Moved to the Movement:
A Survey of an Oral History of Joan Trumpauer Mulholland and the Civil Rights Movement
The Smithsonian Institution’s National Museum of African American History and Culture and the Library of Congress performed an interview with Joan Trumpauer Mulholland for their Civil Rights History Project via the Southern Oral History Program on March 17th, 2013.[i] The National Museum of African American History and Culture, which did not open for another three years, was gathering data for the museum at the time of the interview of which Ms. Mulholland periodically states that she had loaned many of the documents still in her possession to the museum. The date of the interview is significant for two reasons: the conversation took place a half century after some of the events discussed and the meeting took place shortly after the United States’ re-election of its first African-American president, Barack Obama. The interview itself is significant because she was a teenager when she joined the movement, remained actively involved throughout the entirety of the Civil Rights Movement, and continued to discuss the events she participated afterward.
There are strengths and weaknesses directly related to the timeframe of the interview. Most notably, the fact that as time progresses, one’s memory of an event is no longer acutely accurate is a substantial weakness of oral histories. Moreover, a heavily discussed event can alter a person’s memory if there are different perspectives and opinions. Joan Trumpauer Mulholland has not stepped back from political action or shied away from interviews since the end of the Civil Rights Movement and the media exposed her to opinions of events she has participated in, as well as the stories of other participants.[ii] Throughout the interview, she is asked to chronologically move through her childhood and the Civil Rights Movement. If she does not recall information, she states why and the interviewer, Dr. John Dittmer, moves on.[iii] Additionally, Ms. Mulholland, donning an Obama 2012 St. Patrick’s Day shirt, makes statements throughout the interview that show cynicism of politics and political organizations, which she applied to a few memories of past events. Known mostly for her involvement in the May 28th, 1963 Woolworth’s Sit-In in Jackson, Mississippi, her recollection of the event appears to be quite clear, describing it as a mob of high schoolers against a few protestors, and then adding, “Now, the guys in sunglasses, as I understand it, were all FBI agents cleverly disguised.”[iv] Despite the criticism and timeframe issues, the source can answer many questions and provide a jumping point for further historical research on the involvement of youth in Civil Rights Movement.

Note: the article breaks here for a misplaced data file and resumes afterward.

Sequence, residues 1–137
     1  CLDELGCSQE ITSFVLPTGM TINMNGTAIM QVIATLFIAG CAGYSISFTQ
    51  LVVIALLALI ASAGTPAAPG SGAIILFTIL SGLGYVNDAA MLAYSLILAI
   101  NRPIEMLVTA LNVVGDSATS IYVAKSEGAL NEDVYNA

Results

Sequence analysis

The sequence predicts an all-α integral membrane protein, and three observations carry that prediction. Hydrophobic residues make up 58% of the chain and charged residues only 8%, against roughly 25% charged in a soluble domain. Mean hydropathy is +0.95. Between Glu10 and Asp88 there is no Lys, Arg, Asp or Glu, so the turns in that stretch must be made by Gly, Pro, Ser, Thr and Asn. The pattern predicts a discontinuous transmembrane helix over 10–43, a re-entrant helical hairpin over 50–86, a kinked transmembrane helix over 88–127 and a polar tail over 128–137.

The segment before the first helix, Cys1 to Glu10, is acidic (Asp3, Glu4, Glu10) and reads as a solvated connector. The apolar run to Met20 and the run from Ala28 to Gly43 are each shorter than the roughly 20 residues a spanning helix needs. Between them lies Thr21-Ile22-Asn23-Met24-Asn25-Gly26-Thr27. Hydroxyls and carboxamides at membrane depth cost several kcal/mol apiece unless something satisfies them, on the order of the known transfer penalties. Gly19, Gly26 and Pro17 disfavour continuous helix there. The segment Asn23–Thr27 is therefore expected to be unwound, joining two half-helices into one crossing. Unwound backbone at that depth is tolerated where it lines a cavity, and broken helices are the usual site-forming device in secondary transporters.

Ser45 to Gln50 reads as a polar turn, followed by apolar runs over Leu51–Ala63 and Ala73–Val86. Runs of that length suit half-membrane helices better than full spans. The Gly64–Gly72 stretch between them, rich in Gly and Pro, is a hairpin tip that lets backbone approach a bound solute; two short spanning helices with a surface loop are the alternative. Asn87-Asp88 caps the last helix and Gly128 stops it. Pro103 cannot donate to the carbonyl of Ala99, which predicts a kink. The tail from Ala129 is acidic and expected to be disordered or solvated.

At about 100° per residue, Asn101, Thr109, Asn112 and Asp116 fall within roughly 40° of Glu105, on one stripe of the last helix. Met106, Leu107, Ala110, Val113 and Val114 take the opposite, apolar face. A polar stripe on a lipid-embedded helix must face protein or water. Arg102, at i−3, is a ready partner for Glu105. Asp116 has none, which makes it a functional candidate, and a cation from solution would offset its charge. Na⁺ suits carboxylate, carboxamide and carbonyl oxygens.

This source discussed the differences between childhood in Virginia in comparison with Georgia before and throughout the Civil Rights Movement, particularly regarding the South versus the Deep South.[v] Additionally, Ms. Mulholland discussed her motivations for joining the movement and the differences in participating in various organizations and events, such as sit-ins and the Freedom Rides, which led to her arrest and situations where she thought she might be murdered.[vi] She offers names of people and organizations that can also result in further sources, such as the people sitting around her at the counter in the Woolworth’s sit-in, Anne Moody and John Salter.[vii] The majority of the interview, however, focused on Ms. Mulholland’s college years, which remains a gray area concerning when youth ends and adulthood begins.
Joan Trumpauer Mulholland’s oral history may be regarded as problematic due to her race, childhood, and class. Her parents were segregationists with government jobs and she attended and completed college.[viii] As a white and educated woman, despite her attendance at the historically black Tougaloo College, her experiences need to be compared to other sit-ins to determine whether or not her presence may have impacted the lack of violence. Otherwise, there may be a conflict from lack of acknowledgment on the levels of violence at sit-ins and the correlation to integrated protesting. However, due to the lack of speculation in the oral history and plethora of materials available, both on Joan Trumpauer Mulholland and youth involvement in the Civil Rights Movement, this source provides a small amount of insight on many factors of the movement such as motivation, experiences, political agendas, and counter-protests.